Kelly Clarkson, Wrapped in Red
In 1963, background-singer-turned-soloist Darlene Love got with big-time producer Phil Spector to turn out the December perennial “Christmas (Baby Please Come Home).” Love was in a class all by herself, singing that song with so much emotion, her baby better have got his butt back to her. Even today, few have that soul, that range … that thing that Kelly Clarkson has. The songstress, on her first Christmas release, seems to have enjoyed those Spector sessions as much as everyone else – Wrapped in Red follows in their footsteps. It’s to its benefit that the title track, a bouncy throwback boosted by Clarkson’s mighty boom, sounds like a song you’ve heard before. With a nostalgic Love-inspired performance, it could have been released a half century ago. “Underneath the Tree,” basking in the glow of Mariah Carey’s “All I Want for Christmas Is You,” has the fixings of a classic too: the jazzy big-band feel, those chiming sleigh bells, a sax solo – all that, and Clarkson’s cheery vocal, crystallizes into an invigorating burst of holiday happiness that even the Grinch couldn’t pass up. And the brassy number “Every Christmas” – a lovesick heartbreaker also co-written by Clarkson, her voice carrying the song into the starry night – is another welcome addition to the Christmastime tradition. Takes on “Silent Night,” with Trisha Yearwood and Reba McEntire, and “Have Yourself a Merry Little Christmas” are – in Clarkson’s vintage style – gifts under the tree, wrapped in red, just waiting to be opened.
Mary J. Blige, A Mary Christmas
Fifteen years ago, before the soul diva was crying out for “no more drama,” a Mary J. Blige album of all Christmas carols would have spread less cheer and more tears. I mean, she’d have your face in a pillow of giant sad tears with a cover of Mariah’s “Miss You Most (at Christmas Time),” and don’t even get me started on Amy Grant’s “Breath of Heaven (Mary’s Song),” a song so Mary J. it has her name right in the title. But no, Blige and producer David Foster ain’t going down that chimney. Though always in impeccable vocal form, this is all fairly standard stuff: No one needs to hear the Queen of Hip-Hop Soul “pa-rum-pum-pum-pum”-ing on “Little Drummer Boy,” and “This Christmas” doesn’t go anywhere that it hasn’t already been. Surprisingly, “Rudolph, the Red-Nosed Reindeer” – a song that should be beneath someone of Blige’s singing stature – builds into a cool big-band number with Mary letting loose, playfully scatting over the bass-driven jazziness. Blige has never recorded an album this not-urban, and her shift into full-fledged adult-contemporary includes “When You Wish Upon a Star,” with Barbra Streisand, and “My Favorite Things,” so orchestra-propelled you expect Blige’s next career move to be Broadway. It’s certainly festive, but all of it, albeit a glorious recording of the 1945 French song “Petit Papa Noël,” is just … fine. A Mary Christmas, an ornament hanging low when it could’ve been the star on top of the tree, would’ve been more successful if Blige was as distraught and dramatic as she looks on the cover.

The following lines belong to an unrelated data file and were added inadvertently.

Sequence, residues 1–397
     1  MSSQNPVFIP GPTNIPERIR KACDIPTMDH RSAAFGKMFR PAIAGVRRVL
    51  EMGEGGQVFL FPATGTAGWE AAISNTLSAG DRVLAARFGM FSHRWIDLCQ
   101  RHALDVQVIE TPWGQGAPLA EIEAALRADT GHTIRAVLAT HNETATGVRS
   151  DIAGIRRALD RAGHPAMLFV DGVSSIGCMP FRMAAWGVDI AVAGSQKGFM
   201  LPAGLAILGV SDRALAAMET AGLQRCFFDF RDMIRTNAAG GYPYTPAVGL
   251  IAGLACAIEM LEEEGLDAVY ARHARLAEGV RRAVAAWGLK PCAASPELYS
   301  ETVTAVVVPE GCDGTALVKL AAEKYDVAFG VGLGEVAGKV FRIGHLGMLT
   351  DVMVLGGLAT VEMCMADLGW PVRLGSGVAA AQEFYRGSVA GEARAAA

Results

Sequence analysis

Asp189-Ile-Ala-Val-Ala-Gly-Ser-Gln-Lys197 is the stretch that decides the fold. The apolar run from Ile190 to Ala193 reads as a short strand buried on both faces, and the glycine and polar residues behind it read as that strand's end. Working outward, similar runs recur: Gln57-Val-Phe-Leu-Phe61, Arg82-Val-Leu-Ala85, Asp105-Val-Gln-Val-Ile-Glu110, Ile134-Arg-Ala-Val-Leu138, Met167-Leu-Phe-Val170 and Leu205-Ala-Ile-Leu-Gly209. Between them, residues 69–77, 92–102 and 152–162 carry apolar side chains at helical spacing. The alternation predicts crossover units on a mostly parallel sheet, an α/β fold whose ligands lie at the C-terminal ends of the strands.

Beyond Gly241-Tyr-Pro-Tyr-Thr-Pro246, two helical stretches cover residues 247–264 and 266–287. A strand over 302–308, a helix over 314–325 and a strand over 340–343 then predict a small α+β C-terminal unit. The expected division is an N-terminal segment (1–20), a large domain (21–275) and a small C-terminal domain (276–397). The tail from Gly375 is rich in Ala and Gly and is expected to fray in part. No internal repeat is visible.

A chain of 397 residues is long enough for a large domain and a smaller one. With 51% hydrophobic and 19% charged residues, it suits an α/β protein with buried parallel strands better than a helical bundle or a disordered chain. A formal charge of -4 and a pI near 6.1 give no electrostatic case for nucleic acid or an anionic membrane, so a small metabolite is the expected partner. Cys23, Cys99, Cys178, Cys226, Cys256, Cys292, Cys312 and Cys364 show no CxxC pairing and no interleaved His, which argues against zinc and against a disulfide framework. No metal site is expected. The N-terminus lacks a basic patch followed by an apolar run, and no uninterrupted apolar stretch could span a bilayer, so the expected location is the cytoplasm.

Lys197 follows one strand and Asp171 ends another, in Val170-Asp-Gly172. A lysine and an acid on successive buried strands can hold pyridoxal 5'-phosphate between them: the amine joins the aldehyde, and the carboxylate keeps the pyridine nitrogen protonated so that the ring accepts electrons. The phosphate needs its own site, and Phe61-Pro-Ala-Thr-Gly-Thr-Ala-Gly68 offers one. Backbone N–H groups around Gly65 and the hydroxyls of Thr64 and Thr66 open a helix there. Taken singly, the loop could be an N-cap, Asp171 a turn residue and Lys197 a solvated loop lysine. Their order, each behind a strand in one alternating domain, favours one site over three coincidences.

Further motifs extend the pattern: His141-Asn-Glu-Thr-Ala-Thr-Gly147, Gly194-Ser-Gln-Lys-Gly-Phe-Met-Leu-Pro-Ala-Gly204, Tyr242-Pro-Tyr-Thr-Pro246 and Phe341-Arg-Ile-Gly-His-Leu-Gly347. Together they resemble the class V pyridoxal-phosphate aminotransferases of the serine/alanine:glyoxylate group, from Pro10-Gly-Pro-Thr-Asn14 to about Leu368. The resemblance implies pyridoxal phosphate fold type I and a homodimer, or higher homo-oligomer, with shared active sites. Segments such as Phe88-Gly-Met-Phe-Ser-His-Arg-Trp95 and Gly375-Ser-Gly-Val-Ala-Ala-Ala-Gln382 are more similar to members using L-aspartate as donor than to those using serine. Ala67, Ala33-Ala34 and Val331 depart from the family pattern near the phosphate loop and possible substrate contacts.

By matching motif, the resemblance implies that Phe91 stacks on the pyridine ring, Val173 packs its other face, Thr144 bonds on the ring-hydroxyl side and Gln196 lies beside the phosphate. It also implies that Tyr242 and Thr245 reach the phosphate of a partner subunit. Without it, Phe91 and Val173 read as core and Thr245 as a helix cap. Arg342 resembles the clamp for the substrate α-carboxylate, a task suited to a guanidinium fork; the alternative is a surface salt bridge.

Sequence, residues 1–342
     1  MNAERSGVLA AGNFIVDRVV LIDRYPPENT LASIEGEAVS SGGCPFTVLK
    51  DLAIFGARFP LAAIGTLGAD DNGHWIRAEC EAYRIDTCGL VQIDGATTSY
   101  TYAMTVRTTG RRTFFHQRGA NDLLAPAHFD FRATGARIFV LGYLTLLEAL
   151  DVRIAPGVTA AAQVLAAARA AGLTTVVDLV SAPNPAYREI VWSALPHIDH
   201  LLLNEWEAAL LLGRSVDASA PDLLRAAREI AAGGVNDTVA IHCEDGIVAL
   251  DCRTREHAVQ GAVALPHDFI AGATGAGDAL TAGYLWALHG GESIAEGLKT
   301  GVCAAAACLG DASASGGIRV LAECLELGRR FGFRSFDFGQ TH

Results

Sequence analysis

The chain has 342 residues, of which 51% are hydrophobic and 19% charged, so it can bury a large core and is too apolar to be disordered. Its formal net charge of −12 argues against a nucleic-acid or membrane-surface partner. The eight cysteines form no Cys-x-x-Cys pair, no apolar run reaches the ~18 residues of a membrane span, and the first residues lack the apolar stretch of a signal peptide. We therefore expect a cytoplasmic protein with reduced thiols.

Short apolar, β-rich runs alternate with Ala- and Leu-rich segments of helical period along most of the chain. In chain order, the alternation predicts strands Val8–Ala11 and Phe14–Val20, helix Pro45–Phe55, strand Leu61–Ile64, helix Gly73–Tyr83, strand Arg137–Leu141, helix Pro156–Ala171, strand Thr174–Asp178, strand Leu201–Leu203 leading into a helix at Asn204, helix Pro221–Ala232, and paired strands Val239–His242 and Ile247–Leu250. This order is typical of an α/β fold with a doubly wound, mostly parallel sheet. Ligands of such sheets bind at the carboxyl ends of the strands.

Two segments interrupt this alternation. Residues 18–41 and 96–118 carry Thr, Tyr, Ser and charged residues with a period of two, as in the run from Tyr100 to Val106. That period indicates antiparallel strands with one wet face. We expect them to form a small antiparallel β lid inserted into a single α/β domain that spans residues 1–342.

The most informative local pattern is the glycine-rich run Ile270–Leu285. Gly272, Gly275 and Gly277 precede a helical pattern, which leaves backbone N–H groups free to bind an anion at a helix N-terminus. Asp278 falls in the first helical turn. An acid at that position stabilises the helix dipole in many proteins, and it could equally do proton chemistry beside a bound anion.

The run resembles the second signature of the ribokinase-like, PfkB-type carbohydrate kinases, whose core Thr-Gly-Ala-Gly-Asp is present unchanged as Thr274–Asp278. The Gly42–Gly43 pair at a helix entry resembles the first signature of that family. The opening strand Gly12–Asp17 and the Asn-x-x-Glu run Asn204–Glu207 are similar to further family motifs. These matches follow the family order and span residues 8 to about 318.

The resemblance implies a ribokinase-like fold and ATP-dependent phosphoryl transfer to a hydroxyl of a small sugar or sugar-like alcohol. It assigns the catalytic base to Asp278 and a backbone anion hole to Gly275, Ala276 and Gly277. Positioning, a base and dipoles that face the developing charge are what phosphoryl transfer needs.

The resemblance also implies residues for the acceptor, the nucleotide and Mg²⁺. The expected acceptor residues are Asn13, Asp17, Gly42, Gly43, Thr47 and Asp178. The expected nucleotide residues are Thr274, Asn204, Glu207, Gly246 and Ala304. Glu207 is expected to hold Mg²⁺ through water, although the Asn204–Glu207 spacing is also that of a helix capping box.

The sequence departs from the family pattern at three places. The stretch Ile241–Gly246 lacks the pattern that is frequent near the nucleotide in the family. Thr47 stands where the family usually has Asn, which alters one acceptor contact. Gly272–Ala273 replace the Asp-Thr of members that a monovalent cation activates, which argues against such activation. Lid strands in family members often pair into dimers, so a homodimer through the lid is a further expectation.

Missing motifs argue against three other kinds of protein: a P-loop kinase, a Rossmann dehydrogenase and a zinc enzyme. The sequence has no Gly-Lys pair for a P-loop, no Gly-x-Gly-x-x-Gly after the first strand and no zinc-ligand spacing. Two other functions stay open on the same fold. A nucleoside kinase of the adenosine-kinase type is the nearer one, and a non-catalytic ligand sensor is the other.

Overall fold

Erasure, Snow Globe
You know that Erasure Christmas album you’ve been waiting for? No? Yeah, that’s because no one could have predicted that the ’80s synth-pop duo would get in on the yuletide action. And yet here it is, in all its fantastically original and out-there glory. Not just giving electro life to standards like “White Christmas” and a truly lovely “Bleak Midwinter,” Andy Bell and Vince Clarke also cut five new songs for the album, including bittersweet “Make It Wonderful” and the hopeful prayer “Bells of Love (Isabelle’s of Love).” It’s no Christmas miracle that Erasure’s surprising venture into the merry-time market is a remarkable standout. This is just what talent sounds like.
Matthew Morrison, A Classic Christmas
It’s too bad Matthew Morrison still can’t settle on a sound that’s all his own. Had he, the covers on this humdrum holiday EP might be less like déjà vu. Morrison’s old soul and musical-theater mojo suits him for classics like “It’s the Most Wonderful Time of the Year,” “Let it Snow” and “Jingle Bell Rock,” but I’ve heard more interesting versions by people in my mom’s church congregation. A mashup of “I’ll Be Home for Christmas” with “Mele Kalikimaka” is a gay ol’ time, but otherwise, get in your sleigh and keep going. Nothing to see here.
Chris Azzopardi is the editor of Q Syndicate, the international LGBT wire service. Reach him via his website at www.chris-azzopardi.com.